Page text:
Rockstar hasn’t been on a Nintendo platform in quite a while, so seeing L.A. Noire come to the Nintendo Switch was a bit of a surprise. Also being released on the PS4 and Xbox One, L.A. Noire was an interesting last-gen release that many people enjoyed. Remastered and retooled for the Nintendo Switch, L.A. Noire comes out alongside other Triple-A third party releases like Skyrim and DOOM. Is L.A. Noire worth the pick up on the Switch?

L.A. Noire has you playing the role of Cole Phillips, an ex-military and low-end cop for the LAPD who rises through the ranks of the patrol with your command. The game takes place in the late 1940’s in a re-created Los Angeles, and Cole quickly learns that the current state of LA is rough; filled with murders, corruption, and more. The game is broken up into individual cases, but does follow a general story arch with Cole himself that is prevalent throughout the game.

The story-telling and presentation are top notch in the game which really makes the game come to life. The game uses some insane motion-captured facial technology that looked fantastic on last-gen platforms and still looks amazing today. Many real-life actors lent both their face and voice to the game, such as Vincent D’onofrio. Superb writing for each case and the overall story really are the focal point of this game.

The way L.A. Noire works is you are given a case and then set out to solve it. You start out with a crime scene, your pencil and paper, and head to the crime scene to look for clues and interrogate either potential suspects or witnesses. The interrogation process is a big focal point of the gameplay and breaks down into 3 different ways to respond: Good Cop, Bad Cop, and Accuse. When talking to a witness or suspect, after they answer your question, you can respond with one of these 3 actions. While the game will progress regardless of which one you choose, there is a correct way and an incorrect way. The correct way will lead to deeper things happening in the case, and potentially more arrests.

Due to this mechanic, you end up with a lot of replay value with L.A. Noire due to the fact that cases have numerous potential outcomes. This is good because while the game does incorporate an open-world, it’s nowhere near the level of something like Grand Theft Auto. You can use your vehicle to move to different locations, and there are a set number of “random” crimes that occur in the city (which involve shootouts and chasing perpetrators), but there’s nothing on the level of Grand Theft Auto to complete within the city. While this isn’t a bad thing, as it keeps the focus on the story and gameplay mechanics more so than exploration, it is worth noting: don’t expect a GTA-style experience with L.A. Noire.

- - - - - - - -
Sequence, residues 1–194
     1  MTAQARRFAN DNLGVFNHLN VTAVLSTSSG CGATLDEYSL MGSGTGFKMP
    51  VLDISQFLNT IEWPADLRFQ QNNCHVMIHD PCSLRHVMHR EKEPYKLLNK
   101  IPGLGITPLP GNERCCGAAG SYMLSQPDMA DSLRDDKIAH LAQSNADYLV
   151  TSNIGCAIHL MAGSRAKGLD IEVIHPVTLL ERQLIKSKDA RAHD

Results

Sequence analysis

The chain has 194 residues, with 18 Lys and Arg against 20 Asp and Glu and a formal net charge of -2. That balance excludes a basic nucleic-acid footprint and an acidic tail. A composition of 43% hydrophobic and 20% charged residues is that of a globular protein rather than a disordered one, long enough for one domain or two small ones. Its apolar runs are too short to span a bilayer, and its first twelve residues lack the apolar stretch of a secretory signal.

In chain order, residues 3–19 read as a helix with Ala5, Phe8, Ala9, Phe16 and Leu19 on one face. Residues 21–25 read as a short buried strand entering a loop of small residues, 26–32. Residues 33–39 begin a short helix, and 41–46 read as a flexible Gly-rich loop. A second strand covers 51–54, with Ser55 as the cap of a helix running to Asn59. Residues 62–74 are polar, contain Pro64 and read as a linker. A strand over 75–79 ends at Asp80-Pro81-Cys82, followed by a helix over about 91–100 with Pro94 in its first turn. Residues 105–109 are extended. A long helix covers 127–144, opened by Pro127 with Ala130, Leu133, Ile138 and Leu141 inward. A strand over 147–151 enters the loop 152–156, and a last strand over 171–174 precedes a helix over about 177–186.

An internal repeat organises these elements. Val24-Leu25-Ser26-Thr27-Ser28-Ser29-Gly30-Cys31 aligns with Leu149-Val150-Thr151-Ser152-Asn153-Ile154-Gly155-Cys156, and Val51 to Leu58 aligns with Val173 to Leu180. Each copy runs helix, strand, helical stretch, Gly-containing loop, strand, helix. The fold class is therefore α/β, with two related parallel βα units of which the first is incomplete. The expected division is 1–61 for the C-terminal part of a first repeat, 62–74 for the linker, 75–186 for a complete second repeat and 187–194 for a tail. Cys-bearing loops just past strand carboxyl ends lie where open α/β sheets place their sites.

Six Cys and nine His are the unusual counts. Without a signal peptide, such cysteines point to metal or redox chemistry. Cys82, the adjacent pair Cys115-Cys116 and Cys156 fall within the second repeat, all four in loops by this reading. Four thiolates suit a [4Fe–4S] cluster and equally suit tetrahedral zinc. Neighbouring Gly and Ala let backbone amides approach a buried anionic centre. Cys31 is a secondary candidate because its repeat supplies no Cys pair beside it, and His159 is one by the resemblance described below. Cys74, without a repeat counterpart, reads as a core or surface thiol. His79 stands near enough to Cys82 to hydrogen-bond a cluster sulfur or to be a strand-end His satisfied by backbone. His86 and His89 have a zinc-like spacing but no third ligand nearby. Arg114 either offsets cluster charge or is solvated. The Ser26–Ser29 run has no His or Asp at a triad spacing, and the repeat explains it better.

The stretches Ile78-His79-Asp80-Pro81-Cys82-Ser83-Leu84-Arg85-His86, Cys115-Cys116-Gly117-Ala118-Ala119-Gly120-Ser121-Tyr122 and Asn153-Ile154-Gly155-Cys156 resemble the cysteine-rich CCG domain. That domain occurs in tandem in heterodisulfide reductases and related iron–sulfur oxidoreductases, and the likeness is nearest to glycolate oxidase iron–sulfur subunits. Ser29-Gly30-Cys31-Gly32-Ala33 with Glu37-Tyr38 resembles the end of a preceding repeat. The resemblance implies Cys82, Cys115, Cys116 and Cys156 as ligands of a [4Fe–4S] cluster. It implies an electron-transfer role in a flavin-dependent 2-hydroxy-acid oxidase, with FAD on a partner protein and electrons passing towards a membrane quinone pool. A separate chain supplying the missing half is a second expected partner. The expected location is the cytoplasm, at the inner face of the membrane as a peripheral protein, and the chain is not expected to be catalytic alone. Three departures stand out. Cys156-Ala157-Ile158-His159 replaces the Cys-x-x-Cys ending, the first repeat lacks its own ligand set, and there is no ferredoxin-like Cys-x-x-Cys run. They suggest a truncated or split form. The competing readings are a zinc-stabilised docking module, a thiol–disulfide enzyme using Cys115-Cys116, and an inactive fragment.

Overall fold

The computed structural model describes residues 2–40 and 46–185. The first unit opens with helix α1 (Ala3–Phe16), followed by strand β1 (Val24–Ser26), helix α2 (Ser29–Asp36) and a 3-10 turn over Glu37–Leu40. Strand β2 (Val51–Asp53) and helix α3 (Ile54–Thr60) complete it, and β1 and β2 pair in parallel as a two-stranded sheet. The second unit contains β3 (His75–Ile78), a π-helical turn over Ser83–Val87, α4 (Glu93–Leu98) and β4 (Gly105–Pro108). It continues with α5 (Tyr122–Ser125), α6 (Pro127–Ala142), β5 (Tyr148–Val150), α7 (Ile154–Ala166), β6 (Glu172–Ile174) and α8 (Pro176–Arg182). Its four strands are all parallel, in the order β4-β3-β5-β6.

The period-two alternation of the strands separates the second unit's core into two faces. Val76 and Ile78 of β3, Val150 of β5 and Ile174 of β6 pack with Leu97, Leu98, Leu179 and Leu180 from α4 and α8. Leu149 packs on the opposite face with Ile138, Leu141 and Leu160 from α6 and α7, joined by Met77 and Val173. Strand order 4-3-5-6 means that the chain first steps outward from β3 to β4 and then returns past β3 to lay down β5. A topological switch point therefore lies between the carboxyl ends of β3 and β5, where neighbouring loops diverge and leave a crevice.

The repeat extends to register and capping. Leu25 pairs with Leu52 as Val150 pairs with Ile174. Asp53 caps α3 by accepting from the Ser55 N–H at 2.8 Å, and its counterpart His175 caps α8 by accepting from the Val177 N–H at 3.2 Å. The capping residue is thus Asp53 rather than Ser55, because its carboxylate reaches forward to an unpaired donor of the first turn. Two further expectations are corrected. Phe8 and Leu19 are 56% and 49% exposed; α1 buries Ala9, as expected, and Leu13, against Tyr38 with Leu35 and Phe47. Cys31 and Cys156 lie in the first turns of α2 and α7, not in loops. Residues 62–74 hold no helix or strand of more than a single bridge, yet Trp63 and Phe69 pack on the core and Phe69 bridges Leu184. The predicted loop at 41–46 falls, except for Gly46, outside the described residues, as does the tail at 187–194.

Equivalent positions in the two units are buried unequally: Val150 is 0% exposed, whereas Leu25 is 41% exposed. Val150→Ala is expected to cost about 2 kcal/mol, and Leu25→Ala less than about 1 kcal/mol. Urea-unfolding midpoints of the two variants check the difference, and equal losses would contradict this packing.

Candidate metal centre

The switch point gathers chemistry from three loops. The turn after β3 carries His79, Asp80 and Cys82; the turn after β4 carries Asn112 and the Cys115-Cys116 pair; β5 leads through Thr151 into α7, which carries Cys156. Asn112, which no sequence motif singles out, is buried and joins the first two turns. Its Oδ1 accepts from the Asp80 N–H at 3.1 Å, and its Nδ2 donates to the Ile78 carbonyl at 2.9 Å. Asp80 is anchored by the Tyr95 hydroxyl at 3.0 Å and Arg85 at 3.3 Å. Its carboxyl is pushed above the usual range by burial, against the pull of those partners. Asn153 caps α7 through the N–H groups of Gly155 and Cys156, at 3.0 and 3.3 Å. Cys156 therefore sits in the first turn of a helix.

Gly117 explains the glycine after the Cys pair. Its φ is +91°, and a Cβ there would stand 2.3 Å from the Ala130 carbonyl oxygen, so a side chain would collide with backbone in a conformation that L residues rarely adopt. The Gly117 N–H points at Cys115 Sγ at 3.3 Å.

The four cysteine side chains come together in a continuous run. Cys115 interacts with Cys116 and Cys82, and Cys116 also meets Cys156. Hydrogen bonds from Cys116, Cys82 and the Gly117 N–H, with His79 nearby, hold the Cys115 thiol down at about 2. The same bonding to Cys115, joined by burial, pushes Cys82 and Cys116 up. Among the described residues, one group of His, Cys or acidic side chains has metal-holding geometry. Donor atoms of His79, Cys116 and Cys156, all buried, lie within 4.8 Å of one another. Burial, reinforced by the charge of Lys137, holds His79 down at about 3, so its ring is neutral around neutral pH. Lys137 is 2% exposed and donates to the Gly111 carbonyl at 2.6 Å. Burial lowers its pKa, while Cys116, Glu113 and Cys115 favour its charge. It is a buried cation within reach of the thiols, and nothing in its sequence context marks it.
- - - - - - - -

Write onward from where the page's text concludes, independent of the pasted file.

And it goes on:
As mentioned, graphically speaking L.A. Noire has some amazing facial animations and presentation. The graphics as a whole do show a bit of age, however, considering this was a last-gen title. L.A. Noire isn’t a full on graphical remaster like other remastered games, so there are some lower resolution textures and pop-up in the background that can be pretty prevalent in some areas. Occasional slow-down does pop up, but it’s pretty rare when it does and isn’t too noticeable. The audio is top notch however, with both high-quality voice acting, ambiance, and appropriate music for the time period.

The Switch version of L.A. Noire manages to stand out as unique in the fact that Rockstar implemented Switch-specific features. When playing with Joy-Cons, you have access to gyro-controls that are based on gestures which can help with immersion. There are even some touchscreen controls for when you are investigating crime scenes, allowing you to manipulate objects by touching the screen. Nothing groundbreaking, but nice little additions to the Nintendo Switch version of the game.

L.A Noire is a fantastic game that finds a home on the Nintendo Switch, and the portability aspect really helps. While each case is pretty large, the ability to save (along with auto-saves) at any time makes this a perfect game for on the go or at home. Rockstar put the effort into this port and it shows. Sure, it’s a bit of an older game and does show some age from time to time, but L.A. Noire is another great triple-A third party release that shouldn’t be overshadowed by games like Skyrim and DOOM. If you are looking for a fantastic story-driven game with unique gameplay, L.A. Noire should be in your Switch library.



Final Score



  • Unique Switch Features
  • Tons of Gameplay
  • Excellent Facial Animations


  • Open World is Boring
  • Minor graphical issues
Shawn Long
Our favorite youtuber ever, and long-time founding member of our family of sites. The "crass" from our Class vs. Crass podcast


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